Updated Royals Prospect Rankings: 20-16


This is the third installment of our updated Royals prospect rankings. This post will cover #20 to #16.

20. 2B/SS Corey Toups

DOB: 02/12/1993

B/T: R/R

Current Level: AA

ETA: 2018

One of the more professional hitters in all of the Royals system, Toups seems to be a player that could have a smooth transition to the major. A bit heavy on the strikeouts (25.8 K% in career), comes with some good on-base skills (.372 career OBP). 

He has a knack of making solid bat-to-ball contact due to his elite bat speed. Most of his power comes from the gaps (35 doubles last year), but his does the ability to hit some out. The power he generates from his 5-10, 170 lb frame is impressive.

You could consider Toups a utility player. Is his minor league career, he has appeared in games at 2B, SS, 3B, and LF. His main position is probably 2B though, with a lack of great range. 

19. 1B Chris DeVito

DOB: 12/01/1994

B/T: L/R

Current Level: A+

ETA: 2019

One of the more better power hitters in all of the organization, all Chris DeVito has done in pro ball is hit. Promoted to Wilmington after producing an absurd .355 ISO in Lexington, he has held his own in High-A with a 117 wRC+.

Most of his power comes from his strength. He has a very simple swing, showing almost no leg kick. I’m concerned about how he’ll fare against advanced pitching, posting a higher K% and lower BB% in full-season ball. I’d be nice for him get back to more along of the likes of hi 0.69 K/BB ratio, rather than his 0.16 this season.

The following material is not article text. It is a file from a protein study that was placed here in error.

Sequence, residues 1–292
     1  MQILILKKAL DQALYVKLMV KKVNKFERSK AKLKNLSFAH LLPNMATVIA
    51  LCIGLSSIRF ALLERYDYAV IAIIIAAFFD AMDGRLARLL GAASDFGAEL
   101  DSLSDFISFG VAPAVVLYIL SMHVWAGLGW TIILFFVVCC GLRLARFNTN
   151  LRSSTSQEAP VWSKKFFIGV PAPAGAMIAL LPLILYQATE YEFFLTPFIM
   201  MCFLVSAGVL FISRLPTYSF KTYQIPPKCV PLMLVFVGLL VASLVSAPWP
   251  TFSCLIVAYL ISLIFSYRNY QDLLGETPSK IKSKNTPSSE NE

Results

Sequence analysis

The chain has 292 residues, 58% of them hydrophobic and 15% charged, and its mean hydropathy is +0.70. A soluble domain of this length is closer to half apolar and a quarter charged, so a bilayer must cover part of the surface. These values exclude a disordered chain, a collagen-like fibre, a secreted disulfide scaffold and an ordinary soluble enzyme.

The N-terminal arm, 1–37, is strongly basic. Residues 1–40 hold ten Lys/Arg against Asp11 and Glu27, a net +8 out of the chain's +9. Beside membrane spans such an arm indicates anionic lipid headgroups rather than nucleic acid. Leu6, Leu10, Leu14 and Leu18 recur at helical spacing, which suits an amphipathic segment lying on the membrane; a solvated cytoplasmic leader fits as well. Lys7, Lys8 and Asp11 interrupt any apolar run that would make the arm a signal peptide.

18. OF Michael Gigliotti

DOB: 12/14/1996

B/T: L/L

Current Level: Rookie

ETA: 2020

Maybe my favorite player from this year’s Royals draft class. I think the Royals got Michael Gigliotti as a steal in the 4th round. 

All of Gigliotti’s value circles around his defense, speed, and handling of the bat. Jumping onto the scene in the Cape Cod League, he turned some heads when hit .310/.404/.426. A nice line drive approach at the plate, but along with a knack for bunting, profiles Gigliotti as a guy that could hit for a nice average. 

He should be able to stick in center, as he has shown great work there. The one concern is his arm, as it shows below average.

17. RHP AJ Puckett

DOB: 05/27/1995

B/T: R/R

Current Level: A+

ETA: 2018

Another high-floor guy, AJ Puckett looks like a 3-4 type starter. Fastball, curveball, changeup, Puckett is able to pitch very effectively in the zone, generating a high amount of ground balls and IFFBs. This also comes with plus-command (2.3 BB/9 last year).

His changeup is probably his best offering. Sits around 82-85. His curveball has been said to be flat, showing itself as a below average offering.

With an ability to generate weak contact (Career HR/9 of 0.6), above-average command, and a good fastball/changeup combo, Puckett should have a quick rise to the major leagues.

16. C Meibrys Viloria

DOB: 02/15/1997

B/T: L/R

Current Level: A

ETA: 2020

Signed out of Colombia for $460,000 as a shortstop, Meibrys Viloria has made some serious strides as a player.

In 2015, Viloria collected 39 hits. All 39 were singles. It had looked as if there wasn’t a lot of hope for power. He then made some changes in his approach, such as hitting more flyballs and pulling the ball more. This unlocked some of his power, as his ISO rose from .000 (which is hard to do, by the way) to a way more respectable .260 mark. His whole offensive game had now come together, dominating his way to Pioneer League MVP last year with a line of .376/.436/.606.

He’s had some trouble adjusting to full-season ball in Lexington (95 wRC+), but he’s still only 20 years old.

As I said above, Viloria has made some serious strides as a player, that includes moving from shortstop to catcher. He could become a nice player behind the plate with some repetition. Already has a nice arm. 

Photo Credits: David Beach

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